SOC 150, Week 5
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This 2 page Class Notes was uploaded by Thanh Notetaker on Thursday February 18, 2016. The Class Notes belongs to SOC 150 at La Salle University taught by Dr. Sheldon Zink in Spring 2016. Since its upload, it has received 22 views. For similar materials see Priciples of Sociology in Sociology at La Salle University.
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Date Created: 02/18/16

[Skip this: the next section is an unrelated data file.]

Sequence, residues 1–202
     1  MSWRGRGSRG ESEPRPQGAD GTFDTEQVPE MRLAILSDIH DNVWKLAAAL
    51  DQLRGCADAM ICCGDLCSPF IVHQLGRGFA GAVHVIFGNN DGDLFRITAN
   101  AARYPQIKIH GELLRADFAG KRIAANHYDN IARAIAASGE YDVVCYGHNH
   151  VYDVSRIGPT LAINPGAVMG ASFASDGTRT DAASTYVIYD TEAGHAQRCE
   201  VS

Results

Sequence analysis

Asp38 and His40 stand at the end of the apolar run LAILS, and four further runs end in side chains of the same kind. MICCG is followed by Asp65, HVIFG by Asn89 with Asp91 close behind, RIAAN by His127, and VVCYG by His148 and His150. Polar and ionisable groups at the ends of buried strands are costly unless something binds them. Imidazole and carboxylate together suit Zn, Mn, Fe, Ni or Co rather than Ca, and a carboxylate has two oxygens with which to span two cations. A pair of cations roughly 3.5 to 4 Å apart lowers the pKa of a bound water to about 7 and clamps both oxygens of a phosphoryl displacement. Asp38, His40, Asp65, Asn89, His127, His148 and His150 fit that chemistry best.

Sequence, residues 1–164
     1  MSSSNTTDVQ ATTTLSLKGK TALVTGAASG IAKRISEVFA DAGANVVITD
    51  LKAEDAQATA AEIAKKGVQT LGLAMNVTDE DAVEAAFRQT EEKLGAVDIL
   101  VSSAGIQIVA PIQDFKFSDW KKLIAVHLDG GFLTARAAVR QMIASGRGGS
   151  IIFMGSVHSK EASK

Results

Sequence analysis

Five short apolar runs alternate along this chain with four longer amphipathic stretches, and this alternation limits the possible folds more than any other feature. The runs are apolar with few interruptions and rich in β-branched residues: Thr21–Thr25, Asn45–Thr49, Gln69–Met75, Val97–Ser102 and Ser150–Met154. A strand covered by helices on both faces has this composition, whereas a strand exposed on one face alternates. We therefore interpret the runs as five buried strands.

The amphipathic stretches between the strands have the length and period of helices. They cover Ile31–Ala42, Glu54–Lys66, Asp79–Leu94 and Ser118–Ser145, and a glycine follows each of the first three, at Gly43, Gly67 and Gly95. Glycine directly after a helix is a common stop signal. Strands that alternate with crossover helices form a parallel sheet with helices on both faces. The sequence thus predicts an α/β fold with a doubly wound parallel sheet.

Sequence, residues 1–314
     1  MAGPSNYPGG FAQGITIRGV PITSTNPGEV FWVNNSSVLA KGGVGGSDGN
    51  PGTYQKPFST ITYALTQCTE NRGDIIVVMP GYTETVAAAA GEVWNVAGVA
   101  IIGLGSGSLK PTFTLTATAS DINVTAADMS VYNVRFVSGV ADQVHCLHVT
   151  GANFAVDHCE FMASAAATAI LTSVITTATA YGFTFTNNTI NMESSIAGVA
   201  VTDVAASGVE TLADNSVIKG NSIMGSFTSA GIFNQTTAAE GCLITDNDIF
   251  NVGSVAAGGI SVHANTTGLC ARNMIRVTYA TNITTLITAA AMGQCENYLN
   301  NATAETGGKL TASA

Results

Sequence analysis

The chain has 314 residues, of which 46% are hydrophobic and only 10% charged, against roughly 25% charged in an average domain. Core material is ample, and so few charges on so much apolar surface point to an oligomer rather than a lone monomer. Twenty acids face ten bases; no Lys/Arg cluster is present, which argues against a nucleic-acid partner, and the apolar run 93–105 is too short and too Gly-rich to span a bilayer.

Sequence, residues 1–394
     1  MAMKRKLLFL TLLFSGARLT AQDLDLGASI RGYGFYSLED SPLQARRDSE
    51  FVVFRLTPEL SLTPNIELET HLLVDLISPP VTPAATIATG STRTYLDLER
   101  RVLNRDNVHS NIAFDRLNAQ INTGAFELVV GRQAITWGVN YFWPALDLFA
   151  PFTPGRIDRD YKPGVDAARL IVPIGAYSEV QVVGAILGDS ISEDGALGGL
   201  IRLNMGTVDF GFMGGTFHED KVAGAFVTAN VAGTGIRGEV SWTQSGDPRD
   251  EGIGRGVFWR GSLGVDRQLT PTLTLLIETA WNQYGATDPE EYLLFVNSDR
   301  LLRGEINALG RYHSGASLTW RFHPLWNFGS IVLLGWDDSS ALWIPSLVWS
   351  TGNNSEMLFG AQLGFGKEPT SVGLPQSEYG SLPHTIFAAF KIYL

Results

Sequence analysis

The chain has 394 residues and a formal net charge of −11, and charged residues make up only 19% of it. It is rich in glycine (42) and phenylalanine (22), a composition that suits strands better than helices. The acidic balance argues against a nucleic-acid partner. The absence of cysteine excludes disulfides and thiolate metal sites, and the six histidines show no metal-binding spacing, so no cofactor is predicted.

SOC 150 Week Five (February 16 and 18 ) th Contains: Acquisition of Self (continued), Terms and Definition Chapter 6 Acquisition of Self: Cooly (1902) and Mead (1934) The process of language learning: At birth, the human babies have no sense of self Understand language infancy through interactions with others, differentiating between self and others, use symbolic language Through a process of information collecting, learn to start speaking, by imitating their parents and observing that different items have different names, that a person can be called by different names, ect. Start Speaking at age 2-3.5: Cooley (1902), reffered to this process of learning as the acquisition of the looking-glass self. He argued that we use the reaction of others toward us as mirrors in which we see ourselves and determine our selves-worth. Play stage at 4-ish years old: Learning through Role playing. Mead (1934) claimed that role taking is the ability to use other people’s perspectives and expectations in formulating one’s own behavior. Role-taking ability develops gradually, paralleling the increasing maturation of linguistic abilities. Mead (1934) identified two major stages in the development of role-taking ability and, ultimately, in the socialization of the self: The play stage and the game stage. Game stage 7-8 years old. The game stage occurs about the time that children first begin to participate In organized activities such as school events or team sports The difference between role taking at the play and game stages parallels the difference between childhood play behavior and game behavior. “play” is not guided by a specific set of rules. 20’s: Generalized other Perspective of the larger society and its constituent values and attitudes. Generalized other becomes larger as a child matures. Resocialization: Process of learning new values, norms, and expectations when an adult leaves an old role and enters a new one. Reflexive behavior: Behavior in which the person initiating an action is the same as the person toward whom the action is directed Total Institutions: Places where individuals are cut off from the wider society for an appreciable period and where together they lead an enclosed, formally administered life. For example, colleges Terms and Definitions Chapter 6 Erving Goffman (1959) - How Identities are created -Foundation of class interaction Impression Management: Act of presenting a favorable public image of oneself so that others will form positive judgements. Impression Formation: The process by which we define others based on observable cues such as age, ascribed status characteristics such as race and gender, individual attributes such as physical appearance, and verbal and nonverbal expressions. Embarrassment: Spontaneous feeling that is experienced when the identity someone is presenting is suddenly and unexpectedly discredited in front of others. Account: Statement designed to explain unanticipated, embarrassing, or unacceptable behavior after the behavior has occurred. Aligning Action: action taken to restore an identity that has been damaged For example, Saying “Do I know you?” to someone who doesn’t know you then you follow with “Do you have a sister/ brother?” Disclaimer: Assertion designed to forestall any complaints or negative reactions to a behavior or statement that is about to occur. For example, Say “this is embarrassing but I’m going to tell you this story” Stigma: Deeply discrediting characteristics this is viewed as an obstacle to competent or morally trustworthy behavior. For example, Passing out in the first day of college is a stigma.
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